Chevron Deference or the Rule of Lenity? Dual-Use Statutes and Judge Sutton's Lonely Lament

77 Ohio State Law Journal Furthermore (Sixth Circuit Review) 129-143 (2016)

15 Pages Posted: 4 Jun 2016 Last revised: 3 May 2018

See all articles by Patrick J. Glen

Patrick J. Glen

Government of the United States of America - Department of Justice

Kate Stillman

Harvard University, Law School, Students

Date Written: June 2, 2016

Abstract

A dual-use statute is a provision that has both civil and criminal implications. With the expansion of the criminal grounds of removability in the Immigration and Nationality Act, immigration law now contains several such provisions. But the question then arises, if a dual-use provision is found to be ambiguous, how should that ambiguity be resolved? Should traditional deference principles apply to the agency's reasonable interpretation of the ambiguous language? Or, given the potential for collateral criminal consequences, should the rule of lenity apply and resolve the ambiguity in favor of the alien?

Using the Sixth Circuit's recent decision in Esquivel-Quintana v. Lynch as a lens, this article examines whether Chevron Deference or the Rule of Lenity should apply when a dual-use statute is found to be ambiguous. Its conclusion is that deference principles should apply and, so long as the agency can reasonably resolve the ambiguity, the rule of lenity should have no role to play. This conclusion is based on several considerations. First, the Supreme Court has never declined to extend some form of deference to dual-use statutes in favor of applying the rule of lenity, and so this article's interpretation is the more faithful application of existing precedent. Second, applying deference prior to lenity comports with the traditional conception of the rule of lenity, which is applied only as a rule of absolute last resort. It thus makes sense to apply deference to attempt a reasonable resolution of statutory ambiguity, and to rely on lenity only where a "grievous" ambiguity remains. Finally, application of lenity is a solution in search of a problem -- whereas the Board has to address dual-use provisions in thousands of cases each year, the criminal provisions are raised in only a handful of proceedings, meaning that applying lenity to the exclusion of deference would be a disproportionate encroachment in an area of law where the agency would otherwise receive broad latitude on judicial review.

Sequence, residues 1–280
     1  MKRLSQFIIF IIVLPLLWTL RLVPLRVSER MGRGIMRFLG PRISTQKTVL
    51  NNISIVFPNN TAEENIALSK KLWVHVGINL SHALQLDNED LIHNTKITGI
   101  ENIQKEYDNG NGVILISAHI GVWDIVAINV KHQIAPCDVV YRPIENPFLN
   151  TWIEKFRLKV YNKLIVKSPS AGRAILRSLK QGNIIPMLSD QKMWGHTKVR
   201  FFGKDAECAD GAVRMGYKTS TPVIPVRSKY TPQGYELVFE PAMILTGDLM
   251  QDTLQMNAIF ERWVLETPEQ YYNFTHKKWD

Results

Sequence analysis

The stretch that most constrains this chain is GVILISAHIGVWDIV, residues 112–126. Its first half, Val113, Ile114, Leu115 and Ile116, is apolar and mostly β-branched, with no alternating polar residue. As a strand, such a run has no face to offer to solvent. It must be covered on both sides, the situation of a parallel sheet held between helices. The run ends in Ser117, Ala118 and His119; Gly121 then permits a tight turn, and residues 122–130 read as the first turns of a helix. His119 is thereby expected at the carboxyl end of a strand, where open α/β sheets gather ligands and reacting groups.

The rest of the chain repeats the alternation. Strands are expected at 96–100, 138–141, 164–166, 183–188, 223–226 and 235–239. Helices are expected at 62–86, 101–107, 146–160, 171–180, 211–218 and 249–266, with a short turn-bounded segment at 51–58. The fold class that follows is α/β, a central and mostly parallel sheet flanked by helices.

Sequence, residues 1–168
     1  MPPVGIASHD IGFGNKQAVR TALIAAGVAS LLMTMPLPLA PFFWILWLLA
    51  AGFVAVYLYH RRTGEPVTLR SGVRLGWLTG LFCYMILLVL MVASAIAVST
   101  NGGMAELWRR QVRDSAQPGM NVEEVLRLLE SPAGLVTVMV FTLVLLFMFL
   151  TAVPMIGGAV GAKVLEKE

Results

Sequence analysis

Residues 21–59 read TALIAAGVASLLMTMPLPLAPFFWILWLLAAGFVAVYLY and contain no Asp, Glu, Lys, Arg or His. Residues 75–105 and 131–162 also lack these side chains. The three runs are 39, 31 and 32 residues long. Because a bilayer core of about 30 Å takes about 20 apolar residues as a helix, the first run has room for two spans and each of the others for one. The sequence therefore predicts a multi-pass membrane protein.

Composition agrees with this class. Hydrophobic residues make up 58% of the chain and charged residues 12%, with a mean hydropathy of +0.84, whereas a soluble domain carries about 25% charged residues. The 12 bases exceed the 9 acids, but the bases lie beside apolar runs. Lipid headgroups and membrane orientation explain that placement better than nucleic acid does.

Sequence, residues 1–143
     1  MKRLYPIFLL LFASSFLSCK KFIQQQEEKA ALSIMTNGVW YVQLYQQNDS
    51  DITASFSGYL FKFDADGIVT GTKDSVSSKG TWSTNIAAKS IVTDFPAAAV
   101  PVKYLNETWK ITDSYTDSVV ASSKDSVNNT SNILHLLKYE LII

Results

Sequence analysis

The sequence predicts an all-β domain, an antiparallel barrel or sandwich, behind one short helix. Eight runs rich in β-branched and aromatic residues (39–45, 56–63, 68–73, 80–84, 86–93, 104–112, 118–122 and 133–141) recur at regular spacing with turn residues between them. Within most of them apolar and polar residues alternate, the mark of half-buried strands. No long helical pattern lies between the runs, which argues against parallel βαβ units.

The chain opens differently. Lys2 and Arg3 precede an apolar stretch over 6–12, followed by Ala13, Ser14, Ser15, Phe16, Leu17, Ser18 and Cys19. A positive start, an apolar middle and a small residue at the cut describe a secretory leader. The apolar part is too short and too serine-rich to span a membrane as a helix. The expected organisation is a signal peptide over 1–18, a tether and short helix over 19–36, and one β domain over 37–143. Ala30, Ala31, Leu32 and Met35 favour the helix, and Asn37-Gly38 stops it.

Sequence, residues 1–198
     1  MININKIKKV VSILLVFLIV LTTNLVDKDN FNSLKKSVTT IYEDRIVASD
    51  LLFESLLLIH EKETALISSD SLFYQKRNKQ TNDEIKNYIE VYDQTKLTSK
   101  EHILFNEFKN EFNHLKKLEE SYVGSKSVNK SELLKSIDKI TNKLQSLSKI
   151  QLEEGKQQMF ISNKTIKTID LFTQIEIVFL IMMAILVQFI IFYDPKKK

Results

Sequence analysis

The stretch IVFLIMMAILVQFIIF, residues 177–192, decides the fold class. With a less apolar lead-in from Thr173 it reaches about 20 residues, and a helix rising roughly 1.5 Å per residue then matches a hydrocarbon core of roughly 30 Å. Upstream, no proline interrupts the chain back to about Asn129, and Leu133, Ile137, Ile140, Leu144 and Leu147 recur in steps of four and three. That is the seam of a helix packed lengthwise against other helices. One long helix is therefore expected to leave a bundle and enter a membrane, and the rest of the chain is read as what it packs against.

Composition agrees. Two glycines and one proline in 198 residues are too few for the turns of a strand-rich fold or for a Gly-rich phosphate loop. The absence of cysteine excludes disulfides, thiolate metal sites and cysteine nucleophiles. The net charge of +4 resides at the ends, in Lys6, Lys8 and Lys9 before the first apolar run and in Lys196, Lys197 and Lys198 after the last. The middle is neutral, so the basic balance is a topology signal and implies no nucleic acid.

Keywords: Board of Immigration Appeals, Chevron Deference, Criminal Law, Dual-Use Statutes, Immigration, Removability, Rule of Lenity

JEL Classification: K00, K19, K23, K39, K40

Suggested Citation

Glen, Patrick James and Stillman, Kate, Chevron Deference or the Rule of Lenity? Dual-Use Statutes and Judge Sutton's Lonely Lament (June 2, 2016). 77 Ohio State Law Journal Furthermore (Sixth Circuit Review) 129-143 (2016), Available at SSRN: https://ssrn.com/abstract=2788317

Patrick James Glen (Contact Author)

Government of the United States of America - Department of Justice ( email )

950 Pennsylvania Avenue, NW
Washington, DC 20530-0001
United States
202-305-7232 (Phone)

Kate Stillman

Harvard University, Law School, Students ( email )

1563 Massachusetts Avenue
Cambridge, MA 02138
United States

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